DC pension funds are looking to boost allocation into real assets, with almost seven out of 10 (69 per cent) expecting to increase exposure within the next two years.
This is a significant increase on the 51 per cent of DC pension funds that were looking to increase allocation 12 months ago, according to Aviva Investors latest research.
Conversely the study found just six per cent of DC funds anticipate decreasing allocations to illiquid asset classes over the same period. When the same question was asked in 2022, 29 per cent of respondents were looking to reduce these holdings.
Aviva’s Real Asset Study, published for the sixth time, collates responses from 500 institutional investors, including DB and DC pension plans, public pensions, insurers and financial institutions, from across the UK and Europe, Asia Pacific and North America, representing $3.8 trillion of assets under management.
Whilst 53 per cent of DC pension funds currently only offer access to real assets via allocations within default funds, 45 per cent of those surveyed expect members will be able to self-select their exposure to real assets funds in the future.
DC funds emphasise capital growth (50 per cent), diversification (49 per cent) and capital preservation (47 per cent) as key benefits from real assets.
Across the survey as a whole 64 per cent of institutional investors cited diversification as a primary reason for allocating to real assets today, up from 57 per cent in 2022. Aviva says this is likely due to the fact that the volatile market environment in 2023 reinforced the value of diversified portfolios that were invested in assets that offered returns that were uncorrelated to listed equity and bond markets.
Aviva Investors chief investment officer Daniel McHugh says: “The findings from this year’s study capture one of the most pertinent structural shifts taking place in real assets investment and retirement saving. DC pension funds represent an increasingly large portion of the pension market, yet this important group of investors have not been able to access – or allocate to – real assets as they would like, or to the extent that optimises investment outcomes. The emergence of Long Term Asset Funds (LTAFs) has lowered these barriers, giving better access to a more diverse range of investment opportunities and this has driven demand sharply upwards.”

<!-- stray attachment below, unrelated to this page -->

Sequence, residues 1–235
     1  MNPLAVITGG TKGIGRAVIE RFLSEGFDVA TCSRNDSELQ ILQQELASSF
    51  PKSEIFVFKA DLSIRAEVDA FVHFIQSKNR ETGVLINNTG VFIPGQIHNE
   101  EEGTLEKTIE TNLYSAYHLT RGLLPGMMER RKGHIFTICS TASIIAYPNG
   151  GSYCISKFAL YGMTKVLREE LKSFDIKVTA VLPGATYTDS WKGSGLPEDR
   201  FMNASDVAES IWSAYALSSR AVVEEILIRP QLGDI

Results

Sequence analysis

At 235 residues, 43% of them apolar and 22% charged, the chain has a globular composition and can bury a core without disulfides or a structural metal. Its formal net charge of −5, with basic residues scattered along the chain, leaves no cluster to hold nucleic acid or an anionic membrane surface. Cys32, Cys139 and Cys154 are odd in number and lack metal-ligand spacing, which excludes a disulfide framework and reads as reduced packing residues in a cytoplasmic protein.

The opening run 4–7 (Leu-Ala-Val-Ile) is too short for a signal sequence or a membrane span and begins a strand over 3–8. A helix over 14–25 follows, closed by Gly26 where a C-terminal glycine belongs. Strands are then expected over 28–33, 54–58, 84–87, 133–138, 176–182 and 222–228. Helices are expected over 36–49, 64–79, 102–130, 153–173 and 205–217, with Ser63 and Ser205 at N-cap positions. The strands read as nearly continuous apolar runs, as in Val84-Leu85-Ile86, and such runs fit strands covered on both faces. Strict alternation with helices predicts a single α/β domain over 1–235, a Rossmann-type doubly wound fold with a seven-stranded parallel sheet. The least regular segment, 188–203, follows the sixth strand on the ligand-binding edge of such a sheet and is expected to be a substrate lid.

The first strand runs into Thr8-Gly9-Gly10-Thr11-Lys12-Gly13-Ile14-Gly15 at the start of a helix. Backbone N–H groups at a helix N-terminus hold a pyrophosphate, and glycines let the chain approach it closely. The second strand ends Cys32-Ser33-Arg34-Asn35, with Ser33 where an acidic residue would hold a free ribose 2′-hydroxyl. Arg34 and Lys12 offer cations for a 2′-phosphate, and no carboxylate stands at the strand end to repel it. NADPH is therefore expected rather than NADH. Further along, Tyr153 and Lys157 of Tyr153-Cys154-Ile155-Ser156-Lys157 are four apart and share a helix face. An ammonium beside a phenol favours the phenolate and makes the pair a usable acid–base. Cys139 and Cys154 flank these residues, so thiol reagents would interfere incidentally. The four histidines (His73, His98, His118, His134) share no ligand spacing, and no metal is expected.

Looking at broad allocations to real assets, one-third of institutional investors with an allocation to real assets now hold 10-20 per cent of their total portfolios in these investments.
Despite a significant repricing in the market over the last 12 months, real estate equity remains the most attractive proposition for investors, accounting for 27 per cent of real asset portfolios on average. Despite this, infrastructure debt (11 per cent) and infrastructure equity (14 per cent) now account for a larger share of real asset portfolios compared to previous years, whilst real estate debt (11 per cent) and real estate long income (12 per cent) have also risen since 2022.
More than one in two (51 per cent) of respondents see real assets’ ability to deliver long-term income as becoming increasingly important over the next two years, with expectations of lower interest rates and therefore lower levels of income from fixed-income portfolios being a likely reason for such a view.
McHugh adds: “64 per cent of respondents see diversification as a primary reason for allocating to real assets, whilst 60 per cent see it as a driver when looking ahead over the next two years. However, we think the track record of real assets in delivering long-term, inflation-linked income is also incredibly pertinent against the backdrop of today’s market environment and “a dash for cash” being a prevailing theme of the year.”
The research also highlighted that institutional investors see the potential of real assets to create positive returns within a portfolio, as well as helping them meet net zero targets.
Globally, 53 per cent of institutional investors see evidence of improved financial performance as driving them to invest – or increase investment – in sustainable real assets, followed closely by their ability to evidence sustainability-related impact (51 per cent). North American investors were most likely to prioritise performance over the ability to evidence impact (56 per cent vs. 30 percent), whilst for European investors the preference was inverted (49 per cent vs. 58 per cent).
More broadly, sustainability-related factors remain important for institutional investors in real assets, with 17 per cent of respondents citing them as a critical and deciding factor in real assets investment decisions. However, the picture varies through a regional lens. More than 15 per cent of North American institutions do not take such factors into account, compared with only four per cent of institutions in APAC and two per cent in Europe.
McHugh adds: “57 per cent of institutional investors globally have a commitment to reaching net zero, however less than half have confidence in the actions needed to meet these commitments within real assets. There is a huge opportunity for asset managers to guide clients and demonstrate how transformational their real assets investments can be in achieving those objectives whilst also delivering positive outcomes for savers.”
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